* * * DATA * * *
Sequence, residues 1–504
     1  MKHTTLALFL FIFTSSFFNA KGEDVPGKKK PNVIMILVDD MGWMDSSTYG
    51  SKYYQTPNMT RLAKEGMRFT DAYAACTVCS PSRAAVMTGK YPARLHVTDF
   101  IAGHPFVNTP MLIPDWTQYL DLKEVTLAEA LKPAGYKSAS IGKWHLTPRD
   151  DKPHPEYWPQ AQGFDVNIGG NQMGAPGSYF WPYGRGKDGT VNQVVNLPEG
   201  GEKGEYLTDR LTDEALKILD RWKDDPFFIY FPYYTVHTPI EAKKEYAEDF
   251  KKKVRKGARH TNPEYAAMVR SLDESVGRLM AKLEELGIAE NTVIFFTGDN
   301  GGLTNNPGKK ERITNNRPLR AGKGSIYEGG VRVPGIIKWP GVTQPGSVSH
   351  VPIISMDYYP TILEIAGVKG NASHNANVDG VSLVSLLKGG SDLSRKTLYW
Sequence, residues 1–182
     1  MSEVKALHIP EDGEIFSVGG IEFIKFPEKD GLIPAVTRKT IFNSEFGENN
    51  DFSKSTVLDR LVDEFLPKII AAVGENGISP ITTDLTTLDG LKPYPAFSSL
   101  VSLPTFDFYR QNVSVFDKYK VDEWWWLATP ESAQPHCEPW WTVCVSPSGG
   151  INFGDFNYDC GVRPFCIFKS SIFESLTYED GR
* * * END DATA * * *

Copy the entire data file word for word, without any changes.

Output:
Sequence, residues 1–504
     1  MKHTTLALFL FIFTSSFFNA KGEDVPGKKK PNVIMILVDD MGWMDSSTYG
    51  SKYYQTPNMT RLAKEGMRFT DAYAACTVCS PSRAAVMTGK YPARLHVTDF
   101  IAGHPFVNTP MLIPDWTQYL DLKEVTLAEA LKPAGYKSAS IGKWHLTPRD
   151  DKPHPEYWPQ AQGFDVNIGG NQMGAPGSYF WPYGRGKDGT VNQVVNLPEG
   201  GEKGEYLTDR LTDEALKILD RWKDDPFFIY FPYYTVHTPI EAKKEYAEDF
   251  KKKVRKGARH TNPEYAAMVR SLDESVGRLM AKLEELGIAE NTVIFFTGDN
   301  GGLTNNPGKK ERITNNRPLR AGKGSIYEGG VRVPGIIKWP GVTQPGSVSH
   351  VPIISMDYYP TILEIAGVKG NASHNANVDG VSLVSLLKGG SDLSRKTLYW
Sequence, residues 1–182
     1  MSEVKALHIP EDGEIFSVGG IEFIKFPEKD GLIPAVTRKT IFNSEFGENN
    51  DFSKSTVLDR LVDEFLPKII AAVGENGISP ITTDLTTLDG LKPYPAFSSL
   101  VSLPTFDFYR QNVSVFDKYK VDEWWWLATP ESAQPHCEPW WTVCVSPSGG
   151  INFGDFNYDC GVRPFCIFKS SIFESLTYED GR